Interviewer: Andy Tootell (Ideas Lab)
Guest: Dr Jackie Chappell
Andy: Hello, and welcome to this Ideas Lab Predictor podflash which is an extra bit of information in addition to our regular podcast series. I’m sat here with Dr Jackie Chappell who’s Lecturer in Animal Behaviour in the School of Biosciences at the University of Birmingham and she also runs the Cognitive Adaptations Research Group. Hello Jackie.
Andy: Now we spoke to you in June 2010, you were our second ever podcast interviewee and at the time you were talking about intelligence in New Caledonian crows and how they can use tools to forage for food. Now you’ve just released some new research along with colleagues at St. Andrew’s and the University of Oxford which sort of builds on this and you’ve discovered that it’s not just about the intelligence.
Jackie: Yes, that’s right. One of the really puzzling things about New Caledonian crows is why they’re the only member of the crow species to actually make and use tools in the wild. Other crow species have been shown to be quite capable of using tools in captivity so there was an experiment that was done at the University of Cambridge using rooks to show that they could also bend wires in order to make a hook and pull food up from a bucket. So we know that intelligence can’t be the whole story why there's this striking difference between New Caledonian crows and other species. So we started to look at other factors, physical factors that might mean that New Caledonian Crows were more able to use and make tools than other crow species and so given that crows have to actually hold a tool in their bill – this is quite a difficult task – we thought that was a good place to start. If you think about it, it’s quite a difficult thing for crows to do. When we use tools we can move our hand around independently of our eyes but crows have their hand if you like attached to their eyes so it’s like having your eyes mounted on the back of your hand when you’re trying to use a screw driver and it’s quite a difficult thing to do and if you want to use tools efficiently, you have to be able to both see what the end of the tool is doing so that you can control it properly, but also have a stable grip on it too so that you can really hold it precisely. And so what we did was we had a look both at the bill shape of New Caledonian crows but also at their visual field to see whether or not they could see what was going on with the tip of the tool and what we found when we looked at New Caledonian crows and a number of other species, crow species, so this is in the same genus Corvus that includes New Caledonian crows, so that’s things like ravens and carrion crows and rooks, and we found that New Caledonian crows were the only ones who had a very straight bill and also had a lot of overlap between the visual fields of each eye, which meant that they had an area where the visual fields overlapped – a so-called binocular sector. And this was broad enough to encompass the tip of the tool when they’re holding it and that was helped by the fact that they had a very straight bill because that meant that they could hold the tool with one end of it pressed against the side of their head, much the same way when you hold a pencil you steady it, and still see the tip of the tool in this binocular field.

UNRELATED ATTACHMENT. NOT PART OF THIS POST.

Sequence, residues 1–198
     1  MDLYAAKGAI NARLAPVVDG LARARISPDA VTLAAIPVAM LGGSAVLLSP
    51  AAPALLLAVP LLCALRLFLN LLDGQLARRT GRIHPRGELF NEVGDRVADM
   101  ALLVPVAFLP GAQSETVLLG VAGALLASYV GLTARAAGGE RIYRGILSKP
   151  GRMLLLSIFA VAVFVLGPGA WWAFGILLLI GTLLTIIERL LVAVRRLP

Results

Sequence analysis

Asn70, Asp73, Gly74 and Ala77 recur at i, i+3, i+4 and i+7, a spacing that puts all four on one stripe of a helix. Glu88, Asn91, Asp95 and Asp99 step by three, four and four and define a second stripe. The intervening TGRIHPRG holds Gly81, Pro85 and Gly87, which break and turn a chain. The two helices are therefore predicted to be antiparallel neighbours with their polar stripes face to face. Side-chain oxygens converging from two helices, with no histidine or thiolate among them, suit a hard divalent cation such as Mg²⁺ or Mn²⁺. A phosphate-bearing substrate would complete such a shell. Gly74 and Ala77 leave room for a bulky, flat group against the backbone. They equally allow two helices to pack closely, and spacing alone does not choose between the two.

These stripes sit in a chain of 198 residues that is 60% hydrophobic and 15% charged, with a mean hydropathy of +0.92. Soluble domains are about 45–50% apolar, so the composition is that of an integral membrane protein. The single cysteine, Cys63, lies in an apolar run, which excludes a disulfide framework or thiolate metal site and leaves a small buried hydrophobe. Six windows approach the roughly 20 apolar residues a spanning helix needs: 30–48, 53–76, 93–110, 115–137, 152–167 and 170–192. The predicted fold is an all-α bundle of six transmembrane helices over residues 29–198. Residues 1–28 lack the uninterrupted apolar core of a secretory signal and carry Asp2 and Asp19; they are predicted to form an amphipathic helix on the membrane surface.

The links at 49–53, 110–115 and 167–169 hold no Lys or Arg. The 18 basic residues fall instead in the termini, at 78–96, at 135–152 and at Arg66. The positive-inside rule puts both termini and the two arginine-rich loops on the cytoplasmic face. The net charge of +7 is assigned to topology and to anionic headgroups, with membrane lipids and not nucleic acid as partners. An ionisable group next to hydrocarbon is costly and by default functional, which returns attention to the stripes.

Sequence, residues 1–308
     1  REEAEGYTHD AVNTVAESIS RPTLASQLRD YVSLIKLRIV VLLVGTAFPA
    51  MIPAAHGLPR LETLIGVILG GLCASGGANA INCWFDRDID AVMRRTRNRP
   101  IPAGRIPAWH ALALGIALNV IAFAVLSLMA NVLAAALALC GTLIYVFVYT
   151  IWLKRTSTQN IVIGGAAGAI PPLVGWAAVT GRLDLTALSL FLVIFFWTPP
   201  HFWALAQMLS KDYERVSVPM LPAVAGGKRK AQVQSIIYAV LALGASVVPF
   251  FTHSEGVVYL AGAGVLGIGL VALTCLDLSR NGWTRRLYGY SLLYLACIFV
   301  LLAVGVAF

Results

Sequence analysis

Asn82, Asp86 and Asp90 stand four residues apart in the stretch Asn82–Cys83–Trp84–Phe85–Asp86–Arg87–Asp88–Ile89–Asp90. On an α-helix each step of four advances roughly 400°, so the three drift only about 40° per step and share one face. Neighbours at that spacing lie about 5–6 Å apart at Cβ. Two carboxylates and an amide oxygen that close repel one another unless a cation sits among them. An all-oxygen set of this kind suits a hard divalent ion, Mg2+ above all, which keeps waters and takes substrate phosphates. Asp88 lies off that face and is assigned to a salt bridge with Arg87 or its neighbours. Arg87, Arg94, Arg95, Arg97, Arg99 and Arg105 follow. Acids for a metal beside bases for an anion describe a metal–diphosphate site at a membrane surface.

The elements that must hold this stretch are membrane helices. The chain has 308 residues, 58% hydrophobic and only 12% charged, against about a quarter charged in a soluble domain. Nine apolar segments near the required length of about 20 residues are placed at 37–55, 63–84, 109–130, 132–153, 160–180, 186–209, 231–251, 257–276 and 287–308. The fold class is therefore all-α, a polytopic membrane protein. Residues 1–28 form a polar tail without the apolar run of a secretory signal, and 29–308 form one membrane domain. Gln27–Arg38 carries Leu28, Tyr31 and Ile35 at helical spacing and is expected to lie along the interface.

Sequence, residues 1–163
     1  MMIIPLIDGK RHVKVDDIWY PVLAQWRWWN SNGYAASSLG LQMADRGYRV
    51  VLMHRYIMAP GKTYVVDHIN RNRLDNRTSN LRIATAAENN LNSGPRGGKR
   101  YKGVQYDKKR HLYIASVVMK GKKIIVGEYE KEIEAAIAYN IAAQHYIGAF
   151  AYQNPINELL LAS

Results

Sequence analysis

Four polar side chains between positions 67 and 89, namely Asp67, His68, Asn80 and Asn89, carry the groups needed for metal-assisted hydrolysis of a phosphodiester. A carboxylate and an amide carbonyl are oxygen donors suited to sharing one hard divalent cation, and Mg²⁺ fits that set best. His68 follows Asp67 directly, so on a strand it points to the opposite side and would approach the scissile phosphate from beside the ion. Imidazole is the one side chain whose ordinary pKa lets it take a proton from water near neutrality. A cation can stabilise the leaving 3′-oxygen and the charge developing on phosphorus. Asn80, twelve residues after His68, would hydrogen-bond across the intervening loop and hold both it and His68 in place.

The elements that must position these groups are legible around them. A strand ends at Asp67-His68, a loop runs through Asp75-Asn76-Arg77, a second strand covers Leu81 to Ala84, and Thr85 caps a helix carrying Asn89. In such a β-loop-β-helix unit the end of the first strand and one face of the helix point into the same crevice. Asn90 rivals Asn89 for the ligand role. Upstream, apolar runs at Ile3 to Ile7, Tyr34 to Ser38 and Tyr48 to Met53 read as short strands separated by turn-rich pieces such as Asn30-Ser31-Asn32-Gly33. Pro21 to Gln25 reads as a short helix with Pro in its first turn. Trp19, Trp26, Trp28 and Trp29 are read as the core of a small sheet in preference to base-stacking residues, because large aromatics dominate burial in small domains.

Andy: When you’re talking about the straightness of the bill, that’s something you can see, you can look at a bird and you can see the differences and shapes of their bills. How did you determine the breadth of the crow’s vision?